Uninformed: Informative Information for the Uninformed

Vol 4» 2006.Jun


One of the most obvious uses for the information stored in the exception directory is that it can be used to discover all of the non-leaf functions in a binary. This is cool because it works regardless of whether or not you actually have symbols for the binary, thus providing an easy technique for identifying the majority of the functions in a binary. The process taken to do this is to simply enumerate the array of IMAGE_RUNTIME_FUNCTION_ENTRY structures stored within the exception directory. The BeginAddress attribute of each entry marks the starting point of a non-leaf function. There's a catch, though. Not all of the runtime function entries are actually associated with the entry point of a function. The fact of the matter is that entries can also be associated with various portions of an actual function where stack modifications are deferred until necessary. In these cases, the unwind information associated with the runtime function entry is chained with another runtime function entry.

The chaining of runtime function entries is documented as being indicated through the UNW_FLAG_CHAININFO flag in the Flags attribute of the UNWIND_INFO structure. If this flag is set, the area of memory immediately following the last UNWIND_CODE in the UNWIND_INFO structure is an IMAGE_RUNTIME_FUNCTION_ENTRY structure. The UnwindInfoAddress of this structure indicates the chained unwind information. Aside from this, chaining can also be indicated through an undocumented flag that is stored in the least-significant bit of the UnwindInfoAddress. If the least-significant bit is set, then it is implied that the runtime function entry is directly chained to the IMAGE_RUNTIME_FUNCTION_ENTRY structure that is found at the RVA conveyed by the UnwindInfoAddress attribute with the least significant bit masked off. The reason chaining can be indicated in this fashion is because it is a requirement that unwind information be four byte aligned.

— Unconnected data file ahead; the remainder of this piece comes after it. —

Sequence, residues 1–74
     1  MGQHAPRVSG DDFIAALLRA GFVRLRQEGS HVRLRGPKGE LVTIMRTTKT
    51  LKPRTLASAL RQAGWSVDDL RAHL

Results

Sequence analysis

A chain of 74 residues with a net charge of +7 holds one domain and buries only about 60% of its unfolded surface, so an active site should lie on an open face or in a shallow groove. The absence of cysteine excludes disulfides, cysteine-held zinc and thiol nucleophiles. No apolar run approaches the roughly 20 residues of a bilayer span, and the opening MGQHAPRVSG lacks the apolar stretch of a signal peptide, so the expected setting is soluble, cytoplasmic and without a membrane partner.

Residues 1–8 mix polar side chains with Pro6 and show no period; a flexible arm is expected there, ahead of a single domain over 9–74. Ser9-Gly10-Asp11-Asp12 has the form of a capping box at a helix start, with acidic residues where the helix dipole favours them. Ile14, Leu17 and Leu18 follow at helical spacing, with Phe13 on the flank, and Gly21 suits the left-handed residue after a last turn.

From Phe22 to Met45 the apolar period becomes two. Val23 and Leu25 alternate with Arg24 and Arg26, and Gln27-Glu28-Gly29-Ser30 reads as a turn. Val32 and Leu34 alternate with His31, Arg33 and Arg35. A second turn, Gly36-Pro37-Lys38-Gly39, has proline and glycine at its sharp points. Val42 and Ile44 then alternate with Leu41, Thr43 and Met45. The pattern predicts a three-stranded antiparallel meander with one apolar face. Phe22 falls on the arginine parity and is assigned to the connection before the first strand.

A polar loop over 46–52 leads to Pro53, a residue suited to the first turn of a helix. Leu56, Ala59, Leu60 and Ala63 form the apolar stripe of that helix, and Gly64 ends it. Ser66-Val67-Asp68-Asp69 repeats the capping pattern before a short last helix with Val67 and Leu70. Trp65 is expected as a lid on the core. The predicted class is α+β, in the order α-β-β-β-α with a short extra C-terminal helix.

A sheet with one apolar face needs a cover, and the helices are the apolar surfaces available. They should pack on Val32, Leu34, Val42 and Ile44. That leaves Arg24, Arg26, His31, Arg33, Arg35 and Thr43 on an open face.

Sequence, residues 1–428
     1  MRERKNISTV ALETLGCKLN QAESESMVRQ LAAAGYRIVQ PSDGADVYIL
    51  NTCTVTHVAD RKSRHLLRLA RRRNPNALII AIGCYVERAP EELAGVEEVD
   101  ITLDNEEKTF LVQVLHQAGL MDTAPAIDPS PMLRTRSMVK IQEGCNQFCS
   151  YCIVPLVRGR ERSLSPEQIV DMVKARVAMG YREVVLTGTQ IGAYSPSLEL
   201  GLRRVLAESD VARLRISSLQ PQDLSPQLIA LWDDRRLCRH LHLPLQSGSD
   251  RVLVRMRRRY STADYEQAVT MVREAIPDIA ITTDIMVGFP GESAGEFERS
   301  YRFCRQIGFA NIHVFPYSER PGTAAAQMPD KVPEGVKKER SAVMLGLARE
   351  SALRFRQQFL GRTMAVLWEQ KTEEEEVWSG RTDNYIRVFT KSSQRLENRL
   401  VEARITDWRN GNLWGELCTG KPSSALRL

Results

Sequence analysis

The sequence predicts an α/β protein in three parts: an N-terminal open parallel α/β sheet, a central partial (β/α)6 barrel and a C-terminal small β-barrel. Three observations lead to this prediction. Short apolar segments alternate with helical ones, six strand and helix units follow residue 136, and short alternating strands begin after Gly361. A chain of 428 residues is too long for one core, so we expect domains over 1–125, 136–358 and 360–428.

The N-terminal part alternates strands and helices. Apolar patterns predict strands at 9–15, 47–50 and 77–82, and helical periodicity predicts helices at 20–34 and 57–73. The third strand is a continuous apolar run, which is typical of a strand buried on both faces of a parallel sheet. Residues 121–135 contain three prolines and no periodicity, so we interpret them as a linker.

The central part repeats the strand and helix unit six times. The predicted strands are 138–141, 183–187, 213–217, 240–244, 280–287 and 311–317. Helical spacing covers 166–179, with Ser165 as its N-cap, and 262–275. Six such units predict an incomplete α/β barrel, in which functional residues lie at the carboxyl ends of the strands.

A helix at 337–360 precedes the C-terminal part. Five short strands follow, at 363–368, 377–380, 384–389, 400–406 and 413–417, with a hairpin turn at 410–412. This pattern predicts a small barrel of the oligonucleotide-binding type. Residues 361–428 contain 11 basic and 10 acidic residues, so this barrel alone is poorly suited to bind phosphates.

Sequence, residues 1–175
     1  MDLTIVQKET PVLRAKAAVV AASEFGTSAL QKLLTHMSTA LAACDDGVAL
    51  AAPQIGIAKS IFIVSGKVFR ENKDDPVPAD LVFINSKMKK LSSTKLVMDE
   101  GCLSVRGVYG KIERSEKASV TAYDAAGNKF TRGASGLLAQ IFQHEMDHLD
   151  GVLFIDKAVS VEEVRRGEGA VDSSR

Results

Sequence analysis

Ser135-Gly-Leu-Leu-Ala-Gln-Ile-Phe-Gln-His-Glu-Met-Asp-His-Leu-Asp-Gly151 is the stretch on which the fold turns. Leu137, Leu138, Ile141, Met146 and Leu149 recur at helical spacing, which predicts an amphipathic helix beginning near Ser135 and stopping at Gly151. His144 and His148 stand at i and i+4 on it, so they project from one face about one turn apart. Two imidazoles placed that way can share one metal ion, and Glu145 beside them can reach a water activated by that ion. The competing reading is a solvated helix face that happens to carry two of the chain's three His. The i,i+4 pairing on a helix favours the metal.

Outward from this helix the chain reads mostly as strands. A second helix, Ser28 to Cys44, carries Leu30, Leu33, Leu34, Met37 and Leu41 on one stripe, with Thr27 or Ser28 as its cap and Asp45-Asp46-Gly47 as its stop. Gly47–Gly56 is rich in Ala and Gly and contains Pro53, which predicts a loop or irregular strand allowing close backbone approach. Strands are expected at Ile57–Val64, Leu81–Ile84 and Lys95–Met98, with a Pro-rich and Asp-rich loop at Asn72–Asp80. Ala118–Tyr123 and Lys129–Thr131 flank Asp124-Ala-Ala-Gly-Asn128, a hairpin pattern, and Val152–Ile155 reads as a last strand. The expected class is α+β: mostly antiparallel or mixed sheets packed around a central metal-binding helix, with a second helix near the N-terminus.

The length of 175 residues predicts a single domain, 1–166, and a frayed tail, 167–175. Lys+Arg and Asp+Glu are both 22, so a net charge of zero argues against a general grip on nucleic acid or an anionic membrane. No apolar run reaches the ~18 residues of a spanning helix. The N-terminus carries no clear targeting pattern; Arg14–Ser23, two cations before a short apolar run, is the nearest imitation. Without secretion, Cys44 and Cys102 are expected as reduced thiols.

With chaining in mind, it is safe to assume that a runtime function entry is associated with the entry point of a function if its unwind information is not chained. This makes it possible to deterministically identify the entry point of all of the non-leaf functions. From there, it should be possible to identify all of the leaf functions through calls that are made to them by non-leaf functions. This requires code flow analysis, though.